As mentioned earlier, communicate both about your professional and personal life, so your assistant understands everything that is going on with you and can prioritize well.

In addition to communicating about what needs to be done, provide consistent feedback and encourage them to talk to you. If the way something is being done isn’t working for one or both of you, voice that as soon as possible. There is no reason to let problems fester. Open communication is the ONLY way this relationship will work.

Another great idea is to have quarterly strategic meetings so you can ensure you’re on the same page regarding completed, ongoing, and future projects; and re-establish priorities. These meetings are a good way to review your goals for your executive assistant together, and identify any sticking points and how they can be overcome. Segregate meetings regarding day-to-day tasks from more overarching meetings, so you make sure to cover both fully.

Treat Them As a Partner

Ana Dutro, CEO and President of The Executives’ Club of Chicago, and former CEO of Korn/Ferry Business Consulting, notes that “executives need to see them (executive assistants) not just as support, but as real business partners.”

Invite them to sit in and/or participate in high-level meetings. The more they know about what’s going on, the better they’re able to help you and prioritize what information ends up filtering to you.

Allow them to be a part of the management team up to whatever level you deem appropriate – good executive assistants often have insight into all levels of the company and can provide a unique perspective. You intentionally hired someone with a wide array of skills, and you should remember to allow them to use them. A relationship of mutual respect will benefit everyone involved.

Give Them the Resources They Need to Get the Job Done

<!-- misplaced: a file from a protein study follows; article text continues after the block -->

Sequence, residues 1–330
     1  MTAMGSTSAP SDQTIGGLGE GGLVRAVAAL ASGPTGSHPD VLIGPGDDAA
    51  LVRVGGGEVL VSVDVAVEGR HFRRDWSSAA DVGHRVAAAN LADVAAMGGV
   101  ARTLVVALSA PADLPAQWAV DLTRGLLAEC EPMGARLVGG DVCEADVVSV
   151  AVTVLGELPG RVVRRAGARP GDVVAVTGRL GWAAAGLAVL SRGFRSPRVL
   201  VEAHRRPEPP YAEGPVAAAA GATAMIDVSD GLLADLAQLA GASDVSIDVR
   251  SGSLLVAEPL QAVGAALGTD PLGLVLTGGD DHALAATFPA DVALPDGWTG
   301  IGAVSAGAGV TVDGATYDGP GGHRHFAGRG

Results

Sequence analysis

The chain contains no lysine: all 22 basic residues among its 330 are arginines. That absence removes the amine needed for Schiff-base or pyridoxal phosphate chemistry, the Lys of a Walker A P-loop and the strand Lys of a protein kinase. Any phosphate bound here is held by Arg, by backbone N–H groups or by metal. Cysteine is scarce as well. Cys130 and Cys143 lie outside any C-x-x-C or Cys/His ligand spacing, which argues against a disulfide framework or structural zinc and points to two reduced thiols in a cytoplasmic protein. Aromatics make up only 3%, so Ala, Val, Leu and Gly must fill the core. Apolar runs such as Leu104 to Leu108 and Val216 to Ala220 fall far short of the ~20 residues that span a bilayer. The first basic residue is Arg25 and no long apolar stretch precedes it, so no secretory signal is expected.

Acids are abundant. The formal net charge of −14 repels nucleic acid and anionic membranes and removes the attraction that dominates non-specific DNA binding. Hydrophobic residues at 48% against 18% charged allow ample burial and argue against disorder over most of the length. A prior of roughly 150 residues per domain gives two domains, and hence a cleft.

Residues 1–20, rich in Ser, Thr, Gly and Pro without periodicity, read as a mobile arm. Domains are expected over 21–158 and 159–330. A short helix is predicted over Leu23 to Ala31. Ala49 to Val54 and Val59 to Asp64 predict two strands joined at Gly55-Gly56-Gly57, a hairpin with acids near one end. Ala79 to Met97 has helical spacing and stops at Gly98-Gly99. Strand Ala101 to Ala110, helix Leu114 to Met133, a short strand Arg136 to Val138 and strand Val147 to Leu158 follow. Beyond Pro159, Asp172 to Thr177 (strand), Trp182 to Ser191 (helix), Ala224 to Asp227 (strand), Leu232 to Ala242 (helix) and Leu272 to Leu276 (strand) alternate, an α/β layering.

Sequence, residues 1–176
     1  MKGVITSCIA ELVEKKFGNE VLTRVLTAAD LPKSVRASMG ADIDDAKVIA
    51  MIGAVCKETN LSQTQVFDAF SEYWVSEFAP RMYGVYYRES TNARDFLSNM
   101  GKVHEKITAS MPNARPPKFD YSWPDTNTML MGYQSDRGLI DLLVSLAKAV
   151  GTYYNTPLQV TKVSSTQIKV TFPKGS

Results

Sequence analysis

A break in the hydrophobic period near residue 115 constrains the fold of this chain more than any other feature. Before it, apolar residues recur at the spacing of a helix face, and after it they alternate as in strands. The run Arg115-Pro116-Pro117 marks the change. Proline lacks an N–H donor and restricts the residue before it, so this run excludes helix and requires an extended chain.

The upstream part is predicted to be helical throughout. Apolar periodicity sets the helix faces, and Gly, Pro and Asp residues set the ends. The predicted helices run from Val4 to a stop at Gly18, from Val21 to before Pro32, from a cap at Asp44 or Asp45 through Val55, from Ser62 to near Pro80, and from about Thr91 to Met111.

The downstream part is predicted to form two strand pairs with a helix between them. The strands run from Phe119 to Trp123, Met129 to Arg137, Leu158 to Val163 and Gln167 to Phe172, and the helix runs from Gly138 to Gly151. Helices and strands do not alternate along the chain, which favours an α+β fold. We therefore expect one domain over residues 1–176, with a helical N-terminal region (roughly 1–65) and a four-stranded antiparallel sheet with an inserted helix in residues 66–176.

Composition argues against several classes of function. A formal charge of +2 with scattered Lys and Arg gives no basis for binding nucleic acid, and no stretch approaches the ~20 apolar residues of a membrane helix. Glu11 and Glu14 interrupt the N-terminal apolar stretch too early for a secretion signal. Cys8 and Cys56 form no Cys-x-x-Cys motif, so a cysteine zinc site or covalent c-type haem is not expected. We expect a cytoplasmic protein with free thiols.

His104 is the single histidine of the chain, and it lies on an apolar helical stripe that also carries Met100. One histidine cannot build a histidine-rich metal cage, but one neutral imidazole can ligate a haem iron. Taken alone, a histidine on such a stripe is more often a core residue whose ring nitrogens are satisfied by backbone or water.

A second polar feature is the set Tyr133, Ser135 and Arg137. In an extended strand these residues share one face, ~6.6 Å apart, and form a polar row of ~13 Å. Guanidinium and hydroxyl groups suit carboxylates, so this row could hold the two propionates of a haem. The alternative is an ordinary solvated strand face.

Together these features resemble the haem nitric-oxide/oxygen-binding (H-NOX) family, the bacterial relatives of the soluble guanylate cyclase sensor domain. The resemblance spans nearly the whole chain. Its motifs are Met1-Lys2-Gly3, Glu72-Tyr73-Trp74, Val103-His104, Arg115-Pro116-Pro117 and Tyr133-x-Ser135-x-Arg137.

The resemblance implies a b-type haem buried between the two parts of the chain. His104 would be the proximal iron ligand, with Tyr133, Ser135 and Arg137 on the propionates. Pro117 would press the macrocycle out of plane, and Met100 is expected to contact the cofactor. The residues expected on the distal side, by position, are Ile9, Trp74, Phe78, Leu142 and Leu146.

As busy as you are, your executive assistant is right there with you. Provide whatever they need to do their job as efficiently as possible. You may need to hire additional staff, either to help them or to carry out other tasks. Sheila W. Wellington, clinical professor of management and organizations at New York University’s Stern School of Business, advises, “Anything that can be delegated so that the executive assistant can focus on the CEO’s needs saves the CEO time.”

Depending on the size of your firm and the number of responsibilities that fall to your assistant, it may make sense to hire additional administrative assistants to help with more secretarial tasks. Many CEOs have two executive assistants. Sometimes one is more of a personal assistant, sometimes one is more senior than the other and sometimes both are equal but provide coverage different hours of the day or in different time zones.

Keep your Executive Assistant’s Own Goals In Mind

Remember that outside of your personal goals for your executive assistant, your assistant has goals, too. Invest in continuing education courses when appropriate / desired. Support your assistant in becoming even better at their job, and growing in a multitude of ways.

Also, remember that your assistant does have a personal life. You may think about work 24/7, but it’s important to allow your assistant to have a life outside of work. The last thing you want is to train the perfect executive assistant, establish an amazing bond, and then lose them because you weren’t considerate of their need for work/life balance.

Appreciate One Another

Last but not least, you and your executive assistant will spend more time with one another, or at least dealing with one another, than you will with almost anyone in your life. Remember to not only communicate when something is going wrong, but also when things are going right. Appreciation and gratitude are key. Constructive feedback provided regularly is important.

Finding Your Perfect Executive Assistant

Finding the right assistant can make your life easier in a multitude of ways. It’s one of the most important hires you can make, and you should pay close attention to the hiring process, giving significant thought and an appropriate budget to allow you to hire the best person. If you want to bring in a professional staffing agency to help find the best talent, contact us and we’ll help you find the perfect executive assistant.